Get Started

As many of you know, I haven't written a post in a while. I apologize. Rather than make excuses for my inaction, I would like to challenge you to do something. Anything. In the next 30 days, start something or start working toward something. It starts with an assumption. If I start learning how to trade stocks, maybe I can supplement my income in the future. If I start a blog, maybe I can publish a book in the future. If I start volunteering, maybe I'll meet some new people that can help me find a job. Whatever it is, get started. There is no better time than now. Take the excuses off the table. Most things worth doing don't require a whole lot of actual time or money. We, humans, tend to use those things as excuses. The legend has it that took Da Vinci 16 years to start, pause and ultimately finish the Mona Lisa. So, find your Mona Lisa, and get started painting it. And, if you don't hear from me, assume that I am working on things I care about more than blogging at the moment. Over the past 6-7 weeks, this lecture has motivated me. I hope it has the same effect on you. Video Credit: Laughing Squid and Clay...

65 Ways to Improve Your Internet Marketing for Under $65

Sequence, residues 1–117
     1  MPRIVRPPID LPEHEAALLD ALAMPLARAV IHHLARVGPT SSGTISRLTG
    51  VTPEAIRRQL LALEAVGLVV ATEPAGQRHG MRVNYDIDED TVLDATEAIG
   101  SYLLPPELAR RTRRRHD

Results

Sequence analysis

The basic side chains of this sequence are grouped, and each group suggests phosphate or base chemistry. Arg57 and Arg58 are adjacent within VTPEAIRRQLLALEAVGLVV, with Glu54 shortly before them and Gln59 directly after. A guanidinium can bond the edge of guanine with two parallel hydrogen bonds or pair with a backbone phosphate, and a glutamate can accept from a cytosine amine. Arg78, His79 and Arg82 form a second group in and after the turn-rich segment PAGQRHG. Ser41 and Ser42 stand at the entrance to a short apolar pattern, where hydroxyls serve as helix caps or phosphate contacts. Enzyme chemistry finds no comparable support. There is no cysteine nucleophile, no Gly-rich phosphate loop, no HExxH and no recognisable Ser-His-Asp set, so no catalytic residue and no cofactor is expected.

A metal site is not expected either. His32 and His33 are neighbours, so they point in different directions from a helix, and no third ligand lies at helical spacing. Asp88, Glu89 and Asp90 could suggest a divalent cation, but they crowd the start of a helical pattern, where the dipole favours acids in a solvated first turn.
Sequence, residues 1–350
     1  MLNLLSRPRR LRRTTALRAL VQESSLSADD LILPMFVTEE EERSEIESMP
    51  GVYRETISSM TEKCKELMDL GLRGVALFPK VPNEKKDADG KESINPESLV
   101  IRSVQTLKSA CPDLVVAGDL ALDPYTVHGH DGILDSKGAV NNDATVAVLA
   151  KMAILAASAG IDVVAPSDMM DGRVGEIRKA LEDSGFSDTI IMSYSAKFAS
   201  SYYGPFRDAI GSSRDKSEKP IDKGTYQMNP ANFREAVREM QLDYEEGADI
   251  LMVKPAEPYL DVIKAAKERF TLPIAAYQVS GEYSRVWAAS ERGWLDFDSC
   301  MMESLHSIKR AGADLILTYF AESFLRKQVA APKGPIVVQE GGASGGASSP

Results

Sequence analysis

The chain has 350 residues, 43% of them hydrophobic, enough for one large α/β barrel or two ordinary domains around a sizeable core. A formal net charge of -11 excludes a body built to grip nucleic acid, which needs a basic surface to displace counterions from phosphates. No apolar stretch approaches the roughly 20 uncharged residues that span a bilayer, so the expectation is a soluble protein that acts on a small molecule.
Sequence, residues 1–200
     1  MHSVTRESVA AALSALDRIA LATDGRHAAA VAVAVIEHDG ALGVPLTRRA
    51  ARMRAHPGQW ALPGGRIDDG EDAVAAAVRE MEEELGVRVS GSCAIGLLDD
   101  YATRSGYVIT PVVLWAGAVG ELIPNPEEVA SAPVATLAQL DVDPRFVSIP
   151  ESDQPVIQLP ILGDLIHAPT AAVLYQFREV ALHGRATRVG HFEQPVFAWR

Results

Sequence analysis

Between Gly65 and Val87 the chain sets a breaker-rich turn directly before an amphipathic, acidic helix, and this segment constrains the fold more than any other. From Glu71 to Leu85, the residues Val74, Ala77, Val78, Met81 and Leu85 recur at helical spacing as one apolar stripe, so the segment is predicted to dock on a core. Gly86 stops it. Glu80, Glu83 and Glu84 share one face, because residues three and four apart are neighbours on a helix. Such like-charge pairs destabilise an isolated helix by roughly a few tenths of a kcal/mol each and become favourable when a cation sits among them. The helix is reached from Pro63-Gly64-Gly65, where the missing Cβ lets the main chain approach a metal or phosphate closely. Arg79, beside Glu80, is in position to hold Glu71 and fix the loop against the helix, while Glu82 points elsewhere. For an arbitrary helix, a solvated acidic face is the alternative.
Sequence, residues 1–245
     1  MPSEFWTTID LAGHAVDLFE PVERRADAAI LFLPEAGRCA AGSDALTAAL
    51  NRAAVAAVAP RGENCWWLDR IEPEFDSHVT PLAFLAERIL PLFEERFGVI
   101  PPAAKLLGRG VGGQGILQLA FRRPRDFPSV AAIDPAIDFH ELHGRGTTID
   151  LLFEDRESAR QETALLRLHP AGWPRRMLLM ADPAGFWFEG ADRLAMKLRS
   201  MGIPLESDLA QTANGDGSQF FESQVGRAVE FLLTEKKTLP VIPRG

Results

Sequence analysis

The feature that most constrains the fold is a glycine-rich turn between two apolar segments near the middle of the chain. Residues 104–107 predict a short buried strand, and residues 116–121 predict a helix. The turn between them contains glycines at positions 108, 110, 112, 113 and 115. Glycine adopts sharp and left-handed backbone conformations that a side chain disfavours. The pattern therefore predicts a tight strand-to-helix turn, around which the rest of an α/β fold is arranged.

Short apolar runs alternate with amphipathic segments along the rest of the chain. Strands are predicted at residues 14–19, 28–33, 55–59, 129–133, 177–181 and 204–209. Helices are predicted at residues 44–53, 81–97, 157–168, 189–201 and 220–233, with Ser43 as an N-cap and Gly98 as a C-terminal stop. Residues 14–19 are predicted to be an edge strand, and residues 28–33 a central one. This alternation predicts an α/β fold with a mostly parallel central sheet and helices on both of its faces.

When first venturing into the world of internet marketing, with the overwhelming jargon and rapid speed of change, many people just need a bit of direction and a helpful push to try something new. That's why I've created a list of 65 things you can do to improve your online marketing for under $65. They don't require a ton of time, talent or capital. Most of them are free, and anyone in a company can do them. Not just the marketing, PR, advertising types. Note: You don't have to do them all….today. Pick 2 or 3, and get started. It's About Creating a System It's the sum of all these parts that make up an internet marketing system that will help you be successful using the internet for business. Being relevant never hurt either. Future Plans for This List I plan to add links to related resources, but I wanted to get the list live, first. You can always Google anything you don't already know about. The List Research and listen to your customers Conduct a survey of past customers Ask your customers to review your products or services on popular web sites Ask a customer for a testimonial Figure out a new customer is worth. Use SpyFu to check on your competitors Do keyword research with Google Keyword Tool and Traffic Estimator Improve your Web site's Page Titles Improve your Web site's Meta Descriptions Add more lists to your Web site. Get rid of the slow-loading Flash intro and “Enter Site” on your home page Add a form to your Web site. (free trial, request a quote, request...